How we change what others think, feel, believe and do
The two sides face one another in effective impasse. Trenches are dug for shelter, allowing lateral movement of foot soldiers. They are deep enough to provide protection from snipers and explosions but also shallow enough to permit peering over the edge and scrambling out as required.
The distance between opposing trenches is determined by a complex mix of factors such as the ability to observe, attack and defend. Betwen the two sides is a 'no man's land' where mines, barbed wire and other dissuasions against a surprise attack may be pkaced.
At strategic moments, one side may go 'over the top' to charge the enemy lines in the hope of breaking through. Where this is successful, the enemy might then fall back to trenches further away.
A more extreme form of trench war may be found where underground tunnels are built, particularly to protect from aerial bombardment.
Trench war may be used when both sides have the symmetry of approximately equal force and in particular where the defense system of each is stronger than the attack force of the other.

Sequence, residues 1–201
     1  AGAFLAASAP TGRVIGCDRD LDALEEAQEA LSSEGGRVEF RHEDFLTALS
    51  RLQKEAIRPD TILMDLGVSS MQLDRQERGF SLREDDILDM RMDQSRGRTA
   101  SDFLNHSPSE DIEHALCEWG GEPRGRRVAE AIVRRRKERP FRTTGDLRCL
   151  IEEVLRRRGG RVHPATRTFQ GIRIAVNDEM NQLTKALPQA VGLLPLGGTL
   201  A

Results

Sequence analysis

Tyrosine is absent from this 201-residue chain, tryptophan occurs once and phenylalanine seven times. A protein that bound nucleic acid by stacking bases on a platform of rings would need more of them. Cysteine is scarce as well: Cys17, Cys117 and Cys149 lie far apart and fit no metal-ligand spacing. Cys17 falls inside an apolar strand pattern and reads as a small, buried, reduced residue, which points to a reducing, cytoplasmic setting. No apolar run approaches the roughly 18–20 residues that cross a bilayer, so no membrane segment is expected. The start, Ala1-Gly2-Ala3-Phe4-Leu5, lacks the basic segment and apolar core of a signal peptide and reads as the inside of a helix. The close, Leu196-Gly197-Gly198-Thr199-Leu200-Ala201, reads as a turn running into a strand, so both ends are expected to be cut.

The stalemate that this causes means that soldiers need semi-permanent shelter from opposing gunfire, particularly when they are in open countryside. These entrenched positions then become places of relative safety that, paradoxically, dissuade the soldiers from moving elsewhere.
Trench war becomes less effective when the trenches can be bombed or where other means allows forces to go around the trench system.
Trench war was particularly prevalent in the First World War in Europe where the recent invention of automatic weapons meant that an infantry charge could be mown down before it reached its target.
In an argument, dig in. Refuse to retreat. Snipe at the other person from a safe distance. Wear them down and then launch sudden attacks. If they repel your attack just return to your safe position.